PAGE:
This is a new series about the never ending involvement of tech companies in the mundane. In relation to this 31 year old man owning property for the first time :-), here’s what I like and don’t like about five tech companies this week:
I’m simply not talking to you about buying a house right now without SmartRecruiters. In their recent round of funding, they offered a buy back for early shareholders. I decided to sell, and that’s the down payment. Looking back, startup equity is dope. We grow, I grow. Aligned incentives. Yadda yadda. But when I dig into the company’s valuation and my contribution, I feel like this startup equity should have paid for the whole house. At the same time, if you told jobless 21 year old me that this next job will last three and a half years and then cover your home’s down payment ten years later, I probably would have taken the deal. Now that I’m further along in my own business and can look back on the talented people I used to work with, I better understand that startups don’t scale - especially to their level - unless most early team members greatly outperform their role.
Better is a mortgage lead generation site for incumbent lenders. From what I gathered across numerous meetings, their business model is: advertise low rates, scale a system for evaluating leads, become the lender, hold the loan for about one month, and then sell the loan to best bidder. They’ve raised hundreds of millions from Goldman Sachs, Kleiner Perkins, and many other smart people… but the experience really turned out to be a waste of my time. My profile didn’t quite fit into the profile they sell to the incumbent lenders, but the sales person thought we could close a mortgage together in 21 days. The information gathering flow is smooth UX - if you build fintech, you should check out how they collection customer information. Their team is not on the same page about who they want to do business and who they don’t want to do business with. Plus, their appraisers come from a third party network, which does not effectively have coverage in my region. Better couldn’t get an appraisal on time, and they told conflicting information about when it was scheduled and rescheduled. They did refund the appraisal fee. Overall, Better is selling mortgages to the same six(-ish) players you can reach out to directly yourself (and probably get a better deal for your situation). I had high hopes for this company because I thought the mortgage industry was ripe for disruption.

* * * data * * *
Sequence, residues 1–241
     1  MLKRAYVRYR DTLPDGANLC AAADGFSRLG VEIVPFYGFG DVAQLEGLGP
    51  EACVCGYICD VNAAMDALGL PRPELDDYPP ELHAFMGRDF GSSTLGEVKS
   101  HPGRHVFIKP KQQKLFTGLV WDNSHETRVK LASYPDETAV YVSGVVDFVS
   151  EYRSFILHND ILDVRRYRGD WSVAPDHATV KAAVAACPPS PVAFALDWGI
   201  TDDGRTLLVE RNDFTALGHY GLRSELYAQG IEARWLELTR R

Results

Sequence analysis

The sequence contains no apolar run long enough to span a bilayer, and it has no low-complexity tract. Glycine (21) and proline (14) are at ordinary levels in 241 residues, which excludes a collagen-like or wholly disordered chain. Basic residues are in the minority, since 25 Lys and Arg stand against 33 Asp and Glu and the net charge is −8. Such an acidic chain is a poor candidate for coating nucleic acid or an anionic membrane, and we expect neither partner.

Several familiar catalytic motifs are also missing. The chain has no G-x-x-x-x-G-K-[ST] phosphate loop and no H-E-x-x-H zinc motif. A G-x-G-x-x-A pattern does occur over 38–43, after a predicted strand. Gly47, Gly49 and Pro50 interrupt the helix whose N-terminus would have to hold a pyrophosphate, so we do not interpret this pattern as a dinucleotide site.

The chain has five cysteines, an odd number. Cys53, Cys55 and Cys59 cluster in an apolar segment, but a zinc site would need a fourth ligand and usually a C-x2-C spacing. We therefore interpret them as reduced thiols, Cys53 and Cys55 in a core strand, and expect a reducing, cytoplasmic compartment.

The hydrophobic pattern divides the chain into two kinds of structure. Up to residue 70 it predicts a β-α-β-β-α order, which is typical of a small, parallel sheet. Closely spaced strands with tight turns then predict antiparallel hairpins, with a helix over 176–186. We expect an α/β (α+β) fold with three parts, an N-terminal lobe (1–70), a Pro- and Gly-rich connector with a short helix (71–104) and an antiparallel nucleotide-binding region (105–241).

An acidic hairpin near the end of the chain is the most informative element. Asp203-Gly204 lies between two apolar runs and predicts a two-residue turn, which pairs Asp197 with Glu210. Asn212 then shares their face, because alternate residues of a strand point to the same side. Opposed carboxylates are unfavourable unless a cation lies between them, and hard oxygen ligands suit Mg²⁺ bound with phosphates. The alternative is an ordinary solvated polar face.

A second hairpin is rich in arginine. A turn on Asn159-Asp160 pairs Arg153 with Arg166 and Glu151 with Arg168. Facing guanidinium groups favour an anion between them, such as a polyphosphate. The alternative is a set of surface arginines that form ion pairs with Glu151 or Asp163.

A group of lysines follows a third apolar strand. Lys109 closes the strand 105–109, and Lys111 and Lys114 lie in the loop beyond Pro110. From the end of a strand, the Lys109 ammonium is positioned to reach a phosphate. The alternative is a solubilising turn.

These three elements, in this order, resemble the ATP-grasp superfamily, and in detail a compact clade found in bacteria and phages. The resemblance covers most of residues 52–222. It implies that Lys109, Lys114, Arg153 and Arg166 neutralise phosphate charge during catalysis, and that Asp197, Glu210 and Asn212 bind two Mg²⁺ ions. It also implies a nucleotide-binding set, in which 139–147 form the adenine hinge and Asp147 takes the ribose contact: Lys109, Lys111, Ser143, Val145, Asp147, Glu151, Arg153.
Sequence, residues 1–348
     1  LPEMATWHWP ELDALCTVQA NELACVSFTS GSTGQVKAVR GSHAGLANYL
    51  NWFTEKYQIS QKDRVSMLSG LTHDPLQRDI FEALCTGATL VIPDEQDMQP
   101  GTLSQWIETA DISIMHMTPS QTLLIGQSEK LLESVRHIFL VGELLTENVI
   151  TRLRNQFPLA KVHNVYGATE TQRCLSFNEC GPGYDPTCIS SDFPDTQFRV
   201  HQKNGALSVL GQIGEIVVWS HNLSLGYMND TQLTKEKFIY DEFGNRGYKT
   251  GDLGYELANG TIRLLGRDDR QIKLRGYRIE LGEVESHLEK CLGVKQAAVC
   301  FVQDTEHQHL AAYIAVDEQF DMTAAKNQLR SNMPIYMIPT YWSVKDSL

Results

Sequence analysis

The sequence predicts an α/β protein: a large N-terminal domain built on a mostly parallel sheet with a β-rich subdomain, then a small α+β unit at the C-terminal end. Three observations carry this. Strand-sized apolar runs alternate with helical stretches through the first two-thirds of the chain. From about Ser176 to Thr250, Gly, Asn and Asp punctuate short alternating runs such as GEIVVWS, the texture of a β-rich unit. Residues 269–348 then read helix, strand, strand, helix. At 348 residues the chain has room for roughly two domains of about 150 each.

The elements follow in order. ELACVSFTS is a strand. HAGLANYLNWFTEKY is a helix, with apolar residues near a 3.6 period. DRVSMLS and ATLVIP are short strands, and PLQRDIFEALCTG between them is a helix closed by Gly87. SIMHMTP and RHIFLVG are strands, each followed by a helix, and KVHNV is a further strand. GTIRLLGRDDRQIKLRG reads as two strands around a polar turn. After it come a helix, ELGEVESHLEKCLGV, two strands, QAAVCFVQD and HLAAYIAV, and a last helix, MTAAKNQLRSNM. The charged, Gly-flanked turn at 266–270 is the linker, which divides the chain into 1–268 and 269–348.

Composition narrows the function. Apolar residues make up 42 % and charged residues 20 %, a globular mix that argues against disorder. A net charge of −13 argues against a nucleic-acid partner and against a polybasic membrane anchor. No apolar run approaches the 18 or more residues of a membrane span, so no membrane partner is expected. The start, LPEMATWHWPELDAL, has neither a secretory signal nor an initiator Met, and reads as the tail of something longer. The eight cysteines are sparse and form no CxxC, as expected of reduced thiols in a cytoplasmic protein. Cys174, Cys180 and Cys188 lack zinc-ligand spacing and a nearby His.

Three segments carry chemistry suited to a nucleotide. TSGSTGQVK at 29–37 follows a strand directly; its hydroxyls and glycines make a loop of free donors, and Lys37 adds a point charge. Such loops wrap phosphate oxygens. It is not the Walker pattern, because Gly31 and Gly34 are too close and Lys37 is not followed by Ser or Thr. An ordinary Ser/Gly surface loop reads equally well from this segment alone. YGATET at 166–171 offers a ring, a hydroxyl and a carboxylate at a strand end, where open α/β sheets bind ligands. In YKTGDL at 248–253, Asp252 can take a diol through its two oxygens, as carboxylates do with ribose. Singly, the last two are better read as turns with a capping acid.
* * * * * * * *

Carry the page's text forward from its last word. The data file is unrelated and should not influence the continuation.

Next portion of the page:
Very cool that they could do 2.2% on savings - that’s why I created a savings account with Ally. They recently lowered to 1.9%, and that’s more where the rest of the market is. The underlying idea is so pure and simple: having no physical banks saves money, and that saving is converted into a high interest percentage for the customer. The challenge comes in serving the customer. The software is simple enough to use. This past week, my customer use case was wiring a down payment. Previously, making the good faith escrow payment upon signing a contract for a house, I was able to wire the money from Alley in less than two hours. That works. But the day of closing, the money needed to be wired before the sellers could sign. I requested a wire in the morning for the down payment of my house. Heard nothing. Two hours later I spent a half hour on the phone, mostly on hold trying to get them to initiate the wire. When the sellers were in the office in the afternoon refusing to sign until the money transferred, I spent another hour plus talking and on hold with Ally… and eventually, ten hours hours after the wire request, it worked. The deal didn’t die, but this bank made a life-moment-day into a maybe-my-bank-will-undermine-my-deal me day. A high savings rate is great, but if you’re working with Ally, be cognizant of the fact the wires can take 10+ hours during business hours.